“Learning science and thinking about science or reading a paper is not about learning what a person did. You have to do that, but to really absorb it, you have to turn it around and cast it in a form as if you invented it yourself. You have to look and be able to see things that other people looked at and didn't see before. How do you do that? There's two ways. Either you make a new instrument, and it gives you better eyes, like Galileo's telescope. And that's a great way to do it, make such a nice instrument that you don't have to be so smart, you just look and there it is. Or you try to internalize it in such a way that it really becomes intuitive. Working on the right problem is only part of what it takes to succeed. Perseverance is another essential ingredient." Steven Chu 1997 Nobel Prize, Physics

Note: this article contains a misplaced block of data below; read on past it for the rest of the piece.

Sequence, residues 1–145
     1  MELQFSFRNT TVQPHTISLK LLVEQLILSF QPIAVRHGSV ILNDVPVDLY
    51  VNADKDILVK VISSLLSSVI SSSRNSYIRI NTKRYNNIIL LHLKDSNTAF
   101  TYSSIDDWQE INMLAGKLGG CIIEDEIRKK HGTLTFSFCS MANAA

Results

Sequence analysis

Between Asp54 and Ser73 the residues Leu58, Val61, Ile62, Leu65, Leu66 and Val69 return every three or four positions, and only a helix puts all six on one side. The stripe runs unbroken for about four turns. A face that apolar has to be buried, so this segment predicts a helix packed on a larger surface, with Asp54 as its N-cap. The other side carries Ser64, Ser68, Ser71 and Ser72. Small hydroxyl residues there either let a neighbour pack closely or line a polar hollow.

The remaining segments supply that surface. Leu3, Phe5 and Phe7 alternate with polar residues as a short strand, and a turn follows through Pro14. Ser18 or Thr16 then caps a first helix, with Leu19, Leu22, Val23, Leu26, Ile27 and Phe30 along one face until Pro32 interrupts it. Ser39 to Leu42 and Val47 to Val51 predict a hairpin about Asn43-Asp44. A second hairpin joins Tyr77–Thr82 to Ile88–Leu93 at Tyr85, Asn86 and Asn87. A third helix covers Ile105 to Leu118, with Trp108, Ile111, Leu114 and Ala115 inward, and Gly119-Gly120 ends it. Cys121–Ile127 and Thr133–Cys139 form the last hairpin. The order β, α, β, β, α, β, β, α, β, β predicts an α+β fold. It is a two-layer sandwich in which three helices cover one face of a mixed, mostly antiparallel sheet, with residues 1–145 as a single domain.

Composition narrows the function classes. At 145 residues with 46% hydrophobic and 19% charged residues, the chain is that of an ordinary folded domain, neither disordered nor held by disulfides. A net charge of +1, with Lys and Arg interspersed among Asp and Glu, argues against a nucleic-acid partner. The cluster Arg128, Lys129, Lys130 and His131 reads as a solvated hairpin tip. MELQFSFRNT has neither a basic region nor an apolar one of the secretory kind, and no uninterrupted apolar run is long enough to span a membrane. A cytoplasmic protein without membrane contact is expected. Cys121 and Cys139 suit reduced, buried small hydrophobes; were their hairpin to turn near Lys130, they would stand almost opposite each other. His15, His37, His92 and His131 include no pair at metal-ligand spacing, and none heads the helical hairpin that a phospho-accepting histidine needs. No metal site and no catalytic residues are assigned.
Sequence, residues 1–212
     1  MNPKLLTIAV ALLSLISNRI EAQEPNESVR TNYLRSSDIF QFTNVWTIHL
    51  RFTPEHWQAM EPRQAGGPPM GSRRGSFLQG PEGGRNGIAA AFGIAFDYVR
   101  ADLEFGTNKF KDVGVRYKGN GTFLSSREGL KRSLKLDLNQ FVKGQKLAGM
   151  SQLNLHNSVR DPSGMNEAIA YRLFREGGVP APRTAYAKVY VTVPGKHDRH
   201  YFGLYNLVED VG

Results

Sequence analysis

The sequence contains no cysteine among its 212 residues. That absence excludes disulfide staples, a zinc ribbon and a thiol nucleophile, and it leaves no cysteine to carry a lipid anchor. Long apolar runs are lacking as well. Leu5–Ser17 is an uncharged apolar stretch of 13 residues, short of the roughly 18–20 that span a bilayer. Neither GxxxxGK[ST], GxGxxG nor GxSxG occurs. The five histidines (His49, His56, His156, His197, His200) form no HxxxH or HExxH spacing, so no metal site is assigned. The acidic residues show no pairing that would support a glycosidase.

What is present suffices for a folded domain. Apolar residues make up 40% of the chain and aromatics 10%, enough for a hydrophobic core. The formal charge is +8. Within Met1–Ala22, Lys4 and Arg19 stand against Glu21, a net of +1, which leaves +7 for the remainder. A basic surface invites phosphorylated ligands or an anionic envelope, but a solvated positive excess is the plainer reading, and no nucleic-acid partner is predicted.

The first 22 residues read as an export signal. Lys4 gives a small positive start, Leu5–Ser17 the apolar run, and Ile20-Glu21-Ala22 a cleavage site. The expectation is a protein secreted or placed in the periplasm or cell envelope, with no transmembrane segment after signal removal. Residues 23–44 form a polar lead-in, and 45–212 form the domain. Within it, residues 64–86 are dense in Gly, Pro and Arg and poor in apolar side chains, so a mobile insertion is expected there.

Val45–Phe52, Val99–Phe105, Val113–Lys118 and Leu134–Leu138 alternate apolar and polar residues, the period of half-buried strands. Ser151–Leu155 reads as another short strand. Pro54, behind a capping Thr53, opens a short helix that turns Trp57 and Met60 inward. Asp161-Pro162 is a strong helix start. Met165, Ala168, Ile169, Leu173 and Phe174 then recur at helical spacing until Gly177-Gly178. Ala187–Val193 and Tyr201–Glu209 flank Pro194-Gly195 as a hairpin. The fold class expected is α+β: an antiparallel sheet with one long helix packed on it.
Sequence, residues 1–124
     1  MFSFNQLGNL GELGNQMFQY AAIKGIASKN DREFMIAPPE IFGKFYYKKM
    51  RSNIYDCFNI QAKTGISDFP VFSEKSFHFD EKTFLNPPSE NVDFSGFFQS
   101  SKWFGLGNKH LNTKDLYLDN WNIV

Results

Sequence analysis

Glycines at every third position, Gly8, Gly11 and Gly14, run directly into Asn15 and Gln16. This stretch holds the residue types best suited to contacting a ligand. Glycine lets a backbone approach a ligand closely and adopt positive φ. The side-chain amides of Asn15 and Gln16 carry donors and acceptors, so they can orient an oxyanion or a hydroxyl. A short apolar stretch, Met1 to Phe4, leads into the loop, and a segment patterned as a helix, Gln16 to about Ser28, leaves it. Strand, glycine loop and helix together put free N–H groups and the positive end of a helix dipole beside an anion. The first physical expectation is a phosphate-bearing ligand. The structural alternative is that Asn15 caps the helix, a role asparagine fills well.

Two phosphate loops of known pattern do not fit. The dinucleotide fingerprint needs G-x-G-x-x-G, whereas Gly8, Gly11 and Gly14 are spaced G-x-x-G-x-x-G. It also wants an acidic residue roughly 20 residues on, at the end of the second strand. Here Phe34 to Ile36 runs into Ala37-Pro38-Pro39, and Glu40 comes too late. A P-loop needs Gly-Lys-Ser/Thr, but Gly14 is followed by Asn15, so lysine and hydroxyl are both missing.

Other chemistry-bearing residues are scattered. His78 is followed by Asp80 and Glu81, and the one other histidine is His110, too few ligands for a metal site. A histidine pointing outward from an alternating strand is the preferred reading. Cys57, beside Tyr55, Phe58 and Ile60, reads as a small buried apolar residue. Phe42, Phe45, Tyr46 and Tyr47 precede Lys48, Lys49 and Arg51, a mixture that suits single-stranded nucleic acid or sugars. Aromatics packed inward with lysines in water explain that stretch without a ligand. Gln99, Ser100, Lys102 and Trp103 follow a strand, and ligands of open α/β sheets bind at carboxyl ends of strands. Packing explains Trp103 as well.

Research: Develop new and efficient methods for crop (wheat) breeding improvement. In particular using remote sensing, high-throughput phenotyping and genomic selection to increase the speed and efficiency in cultivar development. Research interests include: remote sensing, molecular methods, and statistical analysis. Current research as a Monsanto Beachell-Borlaug Scholar involves developing a high-throughput platform to assist in cultivar selection.
Teaching: Served as laboratory teaching assistant for two semesters at Oklahoma State University for the introductory to soils class. Interest in teaching and helping others learn more about agronomy.
Jared is from northwest Oklahoma, where he grew up on a wheat and cattle farm. He completed a BS and MS in Plant and Soil Science at Oklahoma State University. He is currently pursuing a Ph.D. under the direction of Dr. Jesse Poland at Kansas State University.
“You cannot teach a man anything; you can only help him find it within himself,” Galileo.